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Brno makes you pay for discomfort
Sacha Baron Cohen portrays the title role character in "Brüno," a gay man who decides he must become straight in order to be a star in the fashion industry.


Starring: Sacha Baron Cohen, Gustaf Hammarsten and Clifford Bañagale (with guest appearances by Bono, Chris Martin and Elton John)
Rated: R for pervasive, strong and crude sexual content, graphic nudity and language
Running time: 83 minutes
Bottom line: Wait for the DVD unless you're a die-hard Cohen fan

What kind of a world do we live in when "Brüno" opens to fanfare and a wide release, yet an instant science fiction classic like "Moon" barely makes it to theaters?

Sacha Baron Cohen is back with a new character and an old strategy. Cohen has created "Borat II:" another fake documentary about an oddball character devised to make people uncomfortable.

Brüno is an utterly airheaded gay fashion model who dreams of becoming the next international star from Austria (he compares himself to Arnold Schwarzenegger and Adolf Hitler, the last Austrian stars).

The trailers give the impression that "Brüno" sends up the fashion industry, but around 15 minutes into the movie, the fashion world aufs Brüno for being a talentless idiot, so he tries other (fruitless) paths to stardom.

He eventually convinces himself that to become a superstar, he must be straight.

The movie then becomes solely about homosexuality as Brüno tries to go straight.

Cohen's schtick at its best approaches performance art. His character subtly pushes buttons and boundaries, and the responses he elicits reveal something about a particular social group.

For instance, Brüno decides at one point to stage an outlandish photo shoot featuring babies. He holds auditions, during which he asks parents whether their babies would do all sorts of outrageous things: "Would you let your baby be one of the criminals crucified with Jesus?" "Would you let your baby play a Nazi prison camp guard?"

Question after question, the parents glibly respond, yes, as long as it helps the kid get the job. Evil wears the face of a stage parent.

But "Brüno" offers far too few moments of such biting satire. Most of the time Cohen wants us to laugh at gay sex and his own bare butt, which we see much too often. The peak, or rather nadir, of these homophobia gags comes during a sequence 30 seconds long consisting of a close-up of a certain part of male anatomy being bounced, twirled and gyrated in every way anatomy will allow.

It's the sort of thing that makes young boys giggle and the rest of us shrug.

Cohen manages to offend both gays and homophobes equally, which is a sort of accomplishment.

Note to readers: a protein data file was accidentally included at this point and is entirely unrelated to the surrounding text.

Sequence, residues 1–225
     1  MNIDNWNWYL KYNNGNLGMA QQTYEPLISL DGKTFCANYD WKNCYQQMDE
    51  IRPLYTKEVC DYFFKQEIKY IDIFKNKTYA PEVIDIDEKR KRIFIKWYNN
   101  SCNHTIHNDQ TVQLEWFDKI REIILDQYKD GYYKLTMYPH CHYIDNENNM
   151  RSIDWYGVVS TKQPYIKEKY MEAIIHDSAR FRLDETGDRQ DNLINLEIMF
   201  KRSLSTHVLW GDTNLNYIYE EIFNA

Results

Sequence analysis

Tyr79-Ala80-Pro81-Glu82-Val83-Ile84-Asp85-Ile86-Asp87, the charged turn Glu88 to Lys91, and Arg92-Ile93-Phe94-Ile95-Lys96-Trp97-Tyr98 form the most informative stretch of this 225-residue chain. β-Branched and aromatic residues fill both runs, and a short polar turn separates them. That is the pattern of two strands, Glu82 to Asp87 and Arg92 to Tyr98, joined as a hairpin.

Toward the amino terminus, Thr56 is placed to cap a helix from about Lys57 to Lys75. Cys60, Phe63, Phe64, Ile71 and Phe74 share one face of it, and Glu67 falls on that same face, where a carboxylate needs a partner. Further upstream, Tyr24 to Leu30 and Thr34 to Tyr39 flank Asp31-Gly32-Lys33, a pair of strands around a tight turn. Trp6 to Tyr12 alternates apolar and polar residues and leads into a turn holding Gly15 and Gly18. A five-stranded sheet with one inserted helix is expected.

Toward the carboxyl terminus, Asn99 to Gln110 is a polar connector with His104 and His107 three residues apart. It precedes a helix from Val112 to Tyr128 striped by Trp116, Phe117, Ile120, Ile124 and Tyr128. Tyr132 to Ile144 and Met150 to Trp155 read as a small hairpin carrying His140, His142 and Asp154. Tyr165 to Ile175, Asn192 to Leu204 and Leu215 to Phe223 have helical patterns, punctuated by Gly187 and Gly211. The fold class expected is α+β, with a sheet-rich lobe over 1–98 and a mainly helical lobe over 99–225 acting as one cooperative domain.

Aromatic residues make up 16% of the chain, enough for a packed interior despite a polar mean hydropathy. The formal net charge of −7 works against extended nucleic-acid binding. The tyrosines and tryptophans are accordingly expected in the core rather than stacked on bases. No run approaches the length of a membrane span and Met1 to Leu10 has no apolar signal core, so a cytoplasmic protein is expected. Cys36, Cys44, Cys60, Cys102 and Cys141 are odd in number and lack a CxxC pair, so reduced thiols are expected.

On one hand, Brüno is little more than a tired gay stereotype. On the other, Cohen tries to use his flaming gay character to make others uncomfortable. The problem for Cohen is, he has to go way over the top before he provokes his targets.

As part of his attempt to turn straight, Brüno goes on an overnight hunting trip with three camouflage-wearing Alabama hunters.

Cohen's strategy is transparent: Brüno will try to make some rednecks show their hate for gays. But the hunters understand the game Cohen is playing and they say as little as possible. At no point do they act hatefully, and they don't even get angry until Brüno shows up in one hunter's tent stark naked.

Sorry, but it's no shock that any person - male or female, gay or straight - would get angry when a naked man steps into his or her tent.

Cohen doesn't prove anything, and he goes a long way for a cheap laugh.

Thankfully, this time it's Cohen, not America, who looks like a jackass.

Cohen has to stack the deck even more to set up the movie's over-the-top final act.

The ending is outrageous, for sure, but it's also forced and too long.

And "Brüno" was supposed to be longer: producers cut a scene featuring LaToya Jackson at the last minute. Apparently, Brüno played a prank on Jackson and the producers worried the scene would offend some viewers given her brother Michael's recent death.

Sacha Baron Cohen worrying about going too far? Now that is funny.

Cohen can make us laugh, no question, but let's not pretend this is groundbreaking comedy. There's nothing inventive about waving around body parts, and it's a lot to ask audiences to pay for discomfort.

Jeff Marker is a media studies professor at Gainesville State College.